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26th Amendment

  The 26th Amendment

The 26th Amendment was one the most fought over Constitutional Amendments in history. Passed in 1971, it gave citizens 18 years old the right we all hope to have - the right to vote. The amendment states two things: 1. The right of citizens of the United States, who are eighteen years of age or older, to vote shall not be denied or abridged by the United States or by any State on account of age. 2.The Congress shall have the power to enforce this article by appropriate legislation. But the debate over lowering the voting age had been going for a long time, more than a decade before the Vietnam War.

 In the 1950's, Dwight Eisenhower was the first U.S President to show his public support of the 26th amendment and agreed with families whose children were drafted into war. Before the amendment was passed into law, the government could choose the voting age for states, usually 21 years of age. Many U.S. citizens were upset that the governement could choose such a high voting age and draft men into the war under 18. Young men were risking their lives for our country... but didn't have the right to vote. This triggered a whole new movement set on lowering the voting age and ending the Vietnam War, known as students activism. People of all ages protested to show their disapproval of the government's actions. At colleges across the United States, students led marches and protests through the streets, shouting and chanting, "OLD ENOUGH TO FIGHT, OLD ENOUGH TO VOTE," eventually causing the states to become involved with the dispute. Most states believed that Congress should have the power to regulate the voting age in national elections, but had no business regulating it during state elections.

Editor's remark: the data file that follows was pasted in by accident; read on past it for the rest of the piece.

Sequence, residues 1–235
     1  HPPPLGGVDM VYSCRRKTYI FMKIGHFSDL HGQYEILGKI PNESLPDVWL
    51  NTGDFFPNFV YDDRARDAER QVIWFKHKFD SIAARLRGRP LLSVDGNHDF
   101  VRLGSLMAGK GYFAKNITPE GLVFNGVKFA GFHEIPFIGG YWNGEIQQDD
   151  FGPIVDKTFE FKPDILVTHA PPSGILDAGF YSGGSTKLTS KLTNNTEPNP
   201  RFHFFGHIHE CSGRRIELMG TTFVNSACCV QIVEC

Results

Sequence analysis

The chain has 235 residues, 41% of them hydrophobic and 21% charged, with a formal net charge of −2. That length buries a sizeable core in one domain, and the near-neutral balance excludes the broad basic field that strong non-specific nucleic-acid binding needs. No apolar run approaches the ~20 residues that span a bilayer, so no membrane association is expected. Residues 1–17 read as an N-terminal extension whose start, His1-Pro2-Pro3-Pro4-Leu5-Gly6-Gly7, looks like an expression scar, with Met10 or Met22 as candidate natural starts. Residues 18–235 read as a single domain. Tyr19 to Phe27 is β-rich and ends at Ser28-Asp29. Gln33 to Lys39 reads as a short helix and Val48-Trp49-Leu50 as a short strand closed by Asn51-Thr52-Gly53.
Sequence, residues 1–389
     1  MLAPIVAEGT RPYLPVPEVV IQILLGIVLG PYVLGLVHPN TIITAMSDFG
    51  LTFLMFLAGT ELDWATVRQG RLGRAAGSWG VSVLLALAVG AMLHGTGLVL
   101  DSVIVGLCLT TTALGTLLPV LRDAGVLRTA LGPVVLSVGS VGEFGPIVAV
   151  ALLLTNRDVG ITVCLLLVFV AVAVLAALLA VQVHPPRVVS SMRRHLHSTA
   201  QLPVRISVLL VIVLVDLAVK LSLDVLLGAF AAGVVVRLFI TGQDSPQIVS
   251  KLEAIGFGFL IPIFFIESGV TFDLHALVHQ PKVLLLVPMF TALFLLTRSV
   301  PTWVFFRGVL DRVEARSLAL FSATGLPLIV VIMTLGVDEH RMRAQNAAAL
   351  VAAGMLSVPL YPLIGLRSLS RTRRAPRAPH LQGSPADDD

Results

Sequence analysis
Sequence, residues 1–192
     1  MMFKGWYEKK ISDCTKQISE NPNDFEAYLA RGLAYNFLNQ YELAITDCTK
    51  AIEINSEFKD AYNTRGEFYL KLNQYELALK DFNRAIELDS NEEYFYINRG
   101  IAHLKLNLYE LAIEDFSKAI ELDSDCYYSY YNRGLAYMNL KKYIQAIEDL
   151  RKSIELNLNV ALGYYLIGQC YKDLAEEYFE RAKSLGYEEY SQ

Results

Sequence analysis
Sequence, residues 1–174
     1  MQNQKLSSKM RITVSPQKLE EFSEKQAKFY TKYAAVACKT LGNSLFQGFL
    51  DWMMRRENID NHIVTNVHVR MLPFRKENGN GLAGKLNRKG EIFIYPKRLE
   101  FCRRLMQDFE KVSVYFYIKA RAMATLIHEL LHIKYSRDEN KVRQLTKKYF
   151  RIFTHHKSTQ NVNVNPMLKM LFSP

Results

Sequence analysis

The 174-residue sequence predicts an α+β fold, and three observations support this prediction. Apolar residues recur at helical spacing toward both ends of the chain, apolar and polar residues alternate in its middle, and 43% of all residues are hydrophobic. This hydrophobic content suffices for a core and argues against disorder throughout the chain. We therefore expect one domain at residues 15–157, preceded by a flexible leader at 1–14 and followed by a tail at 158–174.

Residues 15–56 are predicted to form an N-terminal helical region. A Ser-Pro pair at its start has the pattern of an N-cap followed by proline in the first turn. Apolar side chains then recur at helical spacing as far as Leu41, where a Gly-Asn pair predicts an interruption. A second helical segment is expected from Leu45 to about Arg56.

In the case Oregon V.S Mitchell, the Supreme Court agreed with this view, which allowed states to pick their own voting age. In order to comply, Congress finally passed the amendment in March 1971. It was promptly ratified and President Nixon passed it into law later that July. The 26th amendment is still in affect today, and thanks to it, anxious 18 year olds are lining up, to cast their ballots in the next election.

In this website you will find several links that lead to different subpages. Each subpage has its own unique way of telling you information on and about the 26th Amendment. The Art & Photographs link will show you, through pictures, what the 26th Amendment is. Encylopedia Articles, Literature & Poetry, Music Clips & Videos, and the Virtual Field Trip will also give you important information on the subject. If you want even more information, the Additional Websites link will guide you to other sites about the amendment.

Here are subpages about the 26th Amendment. We hope you find them helpful!

 Art & Photographs

 Encylopedia Articles 

 Literature & Poetry

 Music & Video Clips

 Virtual Field Trip

 Additional Websites

18 year olds lining up to vote at their local highschool

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For a look at more of our sources click the following link:

Sources

  • The 26th Amendment. History.com. Web. 2011. 15 October. 2011
  • 26th Amendment of the U.S. Constitution. Cornell University. Web. 2011. 17 October. 2011
  • Obama, Barack. 40th Anniversary of the 26th Amendment. whitehouse.gov. Web. 2011.  18 October. 2011

 



Related Links

    » 26th Amendment Peer Critique

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